resource based theory of the firm
resource based theory of the firma conceptual framework developed by business strategists which focuses on the key resources and capabilities possessed by a business which forms the basis of establishing a sustainable COMPETITIVE ADVANTAGE over rival suppliers. The resource-based theory postulates that all firms are different to a greater or lesser degree – in essence, a firm consists of a ‘unique bundle of resources and capabilities’. If a firm is to develop a sustainable competitive advantage, it must be underpinned by resources and capabilities that are scarce and imperfectly mobile otherwise its advantages could be quickly replicated by other firms. Thus, firm-specific assets such as patents, brand names, human assets and systems that arise from a firm's experience become the basis of long-term competitive advantage. See MOBILITY BARRIERS, CRITICAL OR KEY SUCCESS FACTORS.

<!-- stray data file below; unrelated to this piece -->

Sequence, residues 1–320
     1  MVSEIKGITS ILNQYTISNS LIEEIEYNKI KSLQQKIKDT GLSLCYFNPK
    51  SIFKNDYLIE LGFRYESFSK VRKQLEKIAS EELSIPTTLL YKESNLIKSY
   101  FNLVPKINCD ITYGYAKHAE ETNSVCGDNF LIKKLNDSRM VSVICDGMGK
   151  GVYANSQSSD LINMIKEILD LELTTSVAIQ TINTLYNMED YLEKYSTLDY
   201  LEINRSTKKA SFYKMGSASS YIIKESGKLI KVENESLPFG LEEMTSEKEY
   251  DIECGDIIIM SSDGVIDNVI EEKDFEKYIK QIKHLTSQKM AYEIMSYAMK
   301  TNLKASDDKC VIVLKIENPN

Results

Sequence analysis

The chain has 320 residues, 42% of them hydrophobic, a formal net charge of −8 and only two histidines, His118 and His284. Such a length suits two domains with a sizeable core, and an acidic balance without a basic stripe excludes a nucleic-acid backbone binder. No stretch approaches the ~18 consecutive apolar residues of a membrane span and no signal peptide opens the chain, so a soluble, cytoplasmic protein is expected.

The theory is useful in a wider context since it can provide an explanation of why some firms decline and fail while others thrive and increase their market shares. The resource-based theory suggests that, looking at market processes dynamically, some firms may be more efficient than others because they possess better resources and capabilities than rivals; for example, their internal organizations may be ‘leaner and fitter’ and better able to adapt to changes in customer demands, they may possess superior product methods and techniques, and their ability to create and market new products may be greater than that of rivals. See BUSINESS GROWTH, VALUE CREATED MODEL, VALUE CHAIN ANALYSIS, COSTS DRIVERS, BENEFIT DRIVERS, DISTINCTIVE CAPABILITIES, CORE SKILLS OR COMPETENCY.